This post originally appeared on Starboard Broadside.

Democratic candidates and Choice

There’s been a lot of controversy within the Democratic base over the Stupak Amendment, which we’ll be covering more later. Essentially, it’s an amendment by the so-called “pro-life Democrats” in the House and would place de facto restrictions on abortion accessibility if it passes both chambers of Congress. Without going into the amendment itself much, I wanted to look at a point this raises on the role of the Choice issue in the Democratic Party and how it relates to Democratic candidacies.

I obviously can’t speak for all base Democrats, but I think many of us made the critical mistake of underestimating the potential influence of the anti-choice/pro-life caucus within our party in Congress. For example, Sen. Bob Casey Jr. (D-PA, elected 2006) has been a pretty good Senator so far, but everyone knew he ran as a “pro-life Democrat,” but most of us especially outside Pennsylvania probably thought very little on that point. Of course, some liberal pro-choice activists were rightly worried because Planned Parenthood of Southeastern Pennsylvania v. Casey, the major 1992 Supreme Court revision of Roe v. Wade, refers to Bob Casey Sr. who was then the Governor of Pennsylvania and supported a fairly strict abortion restriction law — and it was reasonable to wonder if the father’s views were shared by the junior Senator from Pennsylvania.

As it turns out, yes that appears to be the case:

Now some Senate Democrats, including Bob Casey of Pennsylvania and Ben Nelson of Nebraska, are pushing to incorporate the same [Stupak] restrictions in their own bill. Senior Senate Democratic aides said the outcome was too close to call.

I sincerely hope that the Senate does not pass the Casey-Nelson version of Stupak into the Senate health care reform bill (and the signs suggest that it won’t succeed). But that’s not even what I’m looking at here.

The problem as I see it is that I and many others assumed that at the federal legislative level, abortion law was largely a settled matter for the most part. I know many activists who are dedicated in particular to this issue didn’t share that view, but I’m willing to admit they were right and I was wrong on this. I figured that if the Republicans had used nearly uninterrupted control of the whole Congress for twelve years and the White House and the House for six years, but had failed to outlaw abortion, then it was pretty much secure. There were restrictions such as the misleadingly named “partial-birth abortion ban,” but the Republicans were upfront about their hope of banning abortion and they failed. I assumed that pro-Choice Democrats, who do form a majority of the caucus, would be able to keep the “pro-Life” Democrats in check.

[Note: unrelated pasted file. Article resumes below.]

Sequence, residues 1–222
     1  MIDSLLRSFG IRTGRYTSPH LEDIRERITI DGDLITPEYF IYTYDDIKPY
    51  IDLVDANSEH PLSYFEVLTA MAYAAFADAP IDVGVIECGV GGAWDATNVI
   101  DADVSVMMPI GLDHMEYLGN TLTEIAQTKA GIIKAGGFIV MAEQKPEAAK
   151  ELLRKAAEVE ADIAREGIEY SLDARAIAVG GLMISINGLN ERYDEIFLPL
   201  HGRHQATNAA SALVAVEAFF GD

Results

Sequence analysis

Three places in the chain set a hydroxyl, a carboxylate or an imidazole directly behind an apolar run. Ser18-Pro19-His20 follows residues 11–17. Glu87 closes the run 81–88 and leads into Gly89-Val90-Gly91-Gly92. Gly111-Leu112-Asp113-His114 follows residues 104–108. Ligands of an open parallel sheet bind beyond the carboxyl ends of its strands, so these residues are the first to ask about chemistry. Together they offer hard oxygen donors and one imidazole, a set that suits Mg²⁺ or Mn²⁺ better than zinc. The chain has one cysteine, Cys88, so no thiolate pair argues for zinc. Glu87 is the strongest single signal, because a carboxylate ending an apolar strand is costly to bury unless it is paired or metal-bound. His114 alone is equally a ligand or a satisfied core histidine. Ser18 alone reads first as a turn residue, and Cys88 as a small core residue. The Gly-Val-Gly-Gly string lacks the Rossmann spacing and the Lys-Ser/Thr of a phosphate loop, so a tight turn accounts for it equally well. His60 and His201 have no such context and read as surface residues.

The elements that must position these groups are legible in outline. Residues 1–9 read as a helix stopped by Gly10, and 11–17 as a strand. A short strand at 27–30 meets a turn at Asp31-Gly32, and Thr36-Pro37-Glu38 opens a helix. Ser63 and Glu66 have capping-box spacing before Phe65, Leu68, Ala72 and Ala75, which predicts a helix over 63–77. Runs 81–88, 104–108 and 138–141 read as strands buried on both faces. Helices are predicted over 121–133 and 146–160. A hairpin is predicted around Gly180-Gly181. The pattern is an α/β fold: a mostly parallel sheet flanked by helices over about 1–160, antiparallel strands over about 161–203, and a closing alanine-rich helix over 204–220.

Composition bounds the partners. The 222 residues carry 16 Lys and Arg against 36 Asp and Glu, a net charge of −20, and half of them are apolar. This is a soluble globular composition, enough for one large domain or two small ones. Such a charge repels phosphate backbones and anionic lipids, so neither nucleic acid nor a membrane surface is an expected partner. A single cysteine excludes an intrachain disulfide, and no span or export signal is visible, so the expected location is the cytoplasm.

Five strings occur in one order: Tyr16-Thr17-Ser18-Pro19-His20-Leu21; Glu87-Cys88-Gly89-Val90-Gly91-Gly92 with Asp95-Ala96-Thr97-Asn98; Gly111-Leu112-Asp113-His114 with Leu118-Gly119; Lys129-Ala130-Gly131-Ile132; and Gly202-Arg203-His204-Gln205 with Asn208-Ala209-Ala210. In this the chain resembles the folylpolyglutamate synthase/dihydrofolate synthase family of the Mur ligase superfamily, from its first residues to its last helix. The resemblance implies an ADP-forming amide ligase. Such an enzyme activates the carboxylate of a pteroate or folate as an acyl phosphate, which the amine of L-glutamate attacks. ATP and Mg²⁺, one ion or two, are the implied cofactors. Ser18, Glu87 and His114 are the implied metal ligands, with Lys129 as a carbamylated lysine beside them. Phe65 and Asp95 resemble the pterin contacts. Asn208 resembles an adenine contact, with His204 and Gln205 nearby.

So for Casey and other candidates, I figured there was probably very little chance for them to put their views to a vote, and if it did come up I forgot that pro-life Republicans and Democrats would be able to vote in unison to form a majority as they did on the Stupak House amendment. It almost seemed like some Democratic candidates who took pro-life pledges might just have been pandering with no intention of casting damaging votes. And I think I was wrong.

That leads us to a question on how to view pro-life candidates in future. Obviously there are a lot of Democrats who have more conservative opinions on abortion, and that means there’s a role for pro-life candidates. On the other hand, and more importantly, I think a majority of the Democratic base supports the right to choose and women are certainly a majority of the Democratic Party’s membership nationally. The Stupak Amendment is a political problem for the party because it makes it look like the party is “throwing women under the bus,” as many have said in the past few days.

I think we may have reached a day of reckoning on this issue. The Democratic Party is going to face severe electoral difficulties if it doesn’t quickly resolve its position on abortion rights. In future election cycles, I think that activists, the ones who donate their time and money to elect Democrats, are going to be extremely wary of engaging with candidates who oppose the right to choose. We’ve now seen that they’re a real threat to the right to choose, not just a stated or theoretical threat. This is an intra-party policy contradiction that the party leaders have kicked down the road for years. That doesn’t look like an option anymore. Unfortunately, this has never been an issue that party leaders like to discuss openly, even though it needs to be discussed.

This post originally appeared on Starboard Broadside.